The freelancers allegedly get paid in commission for their work. Such an activity goes against the country’s Banking Act, known in German as the Kreditwesengesetz (KWG). Part of the warning read:
“The freelancer should provide his or her own bank account and perform trades prescribed by the company through cryptocurrency trading platforms. Cryptocurrencies are usually financial instruments. Trading in financial instruments on behalf of customers is subject to authorization under the KWG.”
The regulator also pointed out that the freelancers stand a big risk of engaging in fraudulent acts, stating, “they run the risk of being hired solely for the purpose of quickly transferring illegally obtained funds to foreign criminals through exchange in cryptocurrencies in order to blur their transfer channels.”
Furthermore, BaFin stated that CoinBene doesn’t have the necessary license to operate in the country and is not listed in Germany’s commercial register.
However, the exchange has denied such claims. In a Twitter post, CoinBene stated:
“We received numerous inquiries regarding our alleged hiring in Germany. But CoinBene is not planning to open any office nor hiring any representative in Germany. Nonetheless, we would like to thank those who actively reached out to us for your concern and understanding.”
This isn’t the first time that the exchange has found itself in controversy. Ever since it rose to prominence in June 2018 by implementing a new fee model, there have been questions regarding its trading volume. At press time, the exchange was the tenth largest globally, having seen $1.5 billion in trading volume in the past 24 hours.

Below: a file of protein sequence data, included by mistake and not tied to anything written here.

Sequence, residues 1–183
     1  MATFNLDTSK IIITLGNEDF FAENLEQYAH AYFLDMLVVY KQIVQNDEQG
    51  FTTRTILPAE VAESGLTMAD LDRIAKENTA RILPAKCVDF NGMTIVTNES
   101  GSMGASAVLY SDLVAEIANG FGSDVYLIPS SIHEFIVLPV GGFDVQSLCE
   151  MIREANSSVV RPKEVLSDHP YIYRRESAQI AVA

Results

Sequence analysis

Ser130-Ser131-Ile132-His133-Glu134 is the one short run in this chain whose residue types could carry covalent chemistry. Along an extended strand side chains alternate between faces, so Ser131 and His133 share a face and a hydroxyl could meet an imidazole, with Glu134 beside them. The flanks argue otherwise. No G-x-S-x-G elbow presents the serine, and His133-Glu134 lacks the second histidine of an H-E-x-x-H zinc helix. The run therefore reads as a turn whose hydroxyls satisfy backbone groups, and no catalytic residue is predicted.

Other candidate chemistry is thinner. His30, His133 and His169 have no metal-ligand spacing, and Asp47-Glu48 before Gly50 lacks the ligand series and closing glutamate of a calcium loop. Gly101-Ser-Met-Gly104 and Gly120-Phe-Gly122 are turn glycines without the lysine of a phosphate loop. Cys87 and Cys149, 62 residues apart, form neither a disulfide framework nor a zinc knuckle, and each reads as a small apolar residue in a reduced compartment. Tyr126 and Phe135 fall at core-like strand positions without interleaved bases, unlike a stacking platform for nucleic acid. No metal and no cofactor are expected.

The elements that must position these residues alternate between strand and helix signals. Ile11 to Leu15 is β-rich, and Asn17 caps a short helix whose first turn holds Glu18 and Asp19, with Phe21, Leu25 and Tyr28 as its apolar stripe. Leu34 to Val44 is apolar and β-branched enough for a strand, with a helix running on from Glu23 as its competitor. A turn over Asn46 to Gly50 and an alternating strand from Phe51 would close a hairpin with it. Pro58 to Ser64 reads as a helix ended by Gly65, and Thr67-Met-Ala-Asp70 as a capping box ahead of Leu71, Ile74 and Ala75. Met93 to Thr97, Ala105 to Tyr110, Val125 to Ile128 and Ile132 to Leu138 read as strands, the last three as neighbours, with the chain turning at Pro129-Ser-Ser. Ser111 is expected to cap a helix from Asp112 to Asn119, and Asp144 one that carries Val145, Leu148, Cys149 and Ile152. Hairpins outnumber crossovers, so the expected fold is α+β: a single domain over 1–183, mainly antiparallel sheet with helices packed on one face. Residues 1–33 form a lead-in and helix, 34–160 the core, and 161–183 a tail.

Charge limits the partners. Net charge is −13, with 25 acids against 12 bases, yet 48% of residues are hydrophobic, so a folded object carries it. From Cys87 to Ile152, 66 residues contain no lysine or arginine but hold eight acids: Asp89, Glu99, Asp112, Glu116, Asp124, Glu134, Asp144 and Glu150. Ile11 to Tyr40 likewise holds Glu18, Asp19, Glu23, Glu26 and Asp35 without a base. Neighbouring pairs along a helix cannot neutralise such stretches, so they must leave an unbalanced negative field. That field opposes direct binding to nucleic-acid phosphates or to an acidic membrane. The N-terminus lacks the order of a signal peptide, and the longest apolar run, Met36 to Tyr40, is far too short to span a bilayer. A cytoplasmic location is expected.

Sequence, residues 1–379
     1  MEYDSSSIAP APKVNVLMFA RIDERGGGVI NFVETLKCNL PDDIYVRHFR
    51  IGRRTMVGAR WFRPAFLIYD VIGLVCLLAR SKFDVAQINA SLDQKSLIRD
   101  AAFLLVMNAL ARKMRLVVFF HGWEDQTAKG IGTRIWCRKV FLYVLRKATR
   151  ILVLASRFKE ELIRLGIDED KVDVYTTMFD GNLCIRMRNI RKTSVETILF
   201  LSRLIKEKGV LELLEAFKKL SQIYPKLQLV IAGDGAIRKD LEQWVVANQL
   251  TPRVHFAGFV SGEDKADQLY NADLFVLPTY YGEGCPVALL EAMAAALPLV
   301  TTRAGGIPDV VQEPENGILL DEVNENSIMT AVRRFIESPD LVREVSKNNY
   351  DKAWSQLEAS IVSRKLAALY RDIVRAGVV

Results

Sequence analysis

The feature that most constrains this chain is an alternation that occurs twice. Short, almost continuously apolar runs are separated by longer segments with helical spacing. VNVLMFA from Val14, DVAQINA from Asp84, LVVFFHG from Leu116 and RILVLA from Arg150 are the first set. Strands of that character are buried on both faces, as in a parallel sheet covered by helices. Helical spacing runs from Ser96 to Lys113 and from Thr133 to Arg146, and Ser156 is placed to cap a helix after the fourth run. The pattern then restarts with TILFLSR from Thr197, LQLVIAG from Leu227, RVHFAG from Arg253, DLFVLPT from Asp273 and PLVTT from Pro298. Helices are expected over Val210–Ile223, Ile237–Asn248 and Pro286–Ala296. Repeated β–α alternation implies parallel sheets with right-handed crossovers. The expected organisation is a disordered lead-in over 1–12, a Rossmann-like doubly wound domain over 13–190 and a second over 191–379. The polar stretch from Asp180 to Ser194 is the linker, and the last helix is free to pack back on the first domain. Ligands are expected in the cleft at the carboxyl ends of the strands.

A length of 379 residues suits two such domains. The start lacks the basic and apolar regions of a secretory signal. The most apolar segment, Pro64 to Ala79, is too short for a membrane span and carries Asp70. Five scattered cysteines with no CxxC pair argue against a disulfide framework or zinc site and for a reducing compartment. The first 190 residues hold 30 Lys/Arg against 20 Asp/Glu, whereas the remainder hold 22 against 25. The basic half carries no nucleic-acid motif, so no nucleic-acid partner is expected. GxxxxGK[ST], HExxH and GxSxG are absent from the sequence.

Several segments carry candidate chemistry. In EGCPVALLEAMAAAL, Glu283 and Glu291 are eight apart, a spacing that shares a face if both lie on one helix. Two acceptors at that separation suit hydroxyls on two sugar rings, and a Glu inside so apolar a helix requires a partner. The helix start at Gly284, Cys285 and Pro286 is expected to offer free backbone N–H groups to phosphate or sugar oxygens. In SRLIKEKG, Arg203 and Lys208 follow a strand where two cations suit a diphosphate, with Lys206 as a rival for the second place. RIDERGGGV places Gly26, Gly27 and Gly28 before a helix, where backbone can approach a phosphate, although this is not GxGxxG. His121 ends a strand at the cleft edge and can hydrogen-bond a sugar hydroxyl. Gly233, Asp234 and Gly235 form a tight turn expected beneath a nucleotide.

CoinBene was one of the exchanges accused by The Block of faking up to 86% of its volume. The outlet conducted the study based on the ratio of trading volume to website visits. The exchanges that were alleged to have the highest fake volume included CoinBene, Bibox, BitMart, BitForex, Bithumb, Coineal and CoinTiger. Luno, KuCoin and CEX.IO were among those found to least likely be involved in the faking of trading volume.
Note: Tokens on the Bitcoin Core (SegWit) chain are referenced as BTC coins; tokens on the Bitcoin Cash ABC chain are referenced as BCH, BCH-ABC or BAB coins.
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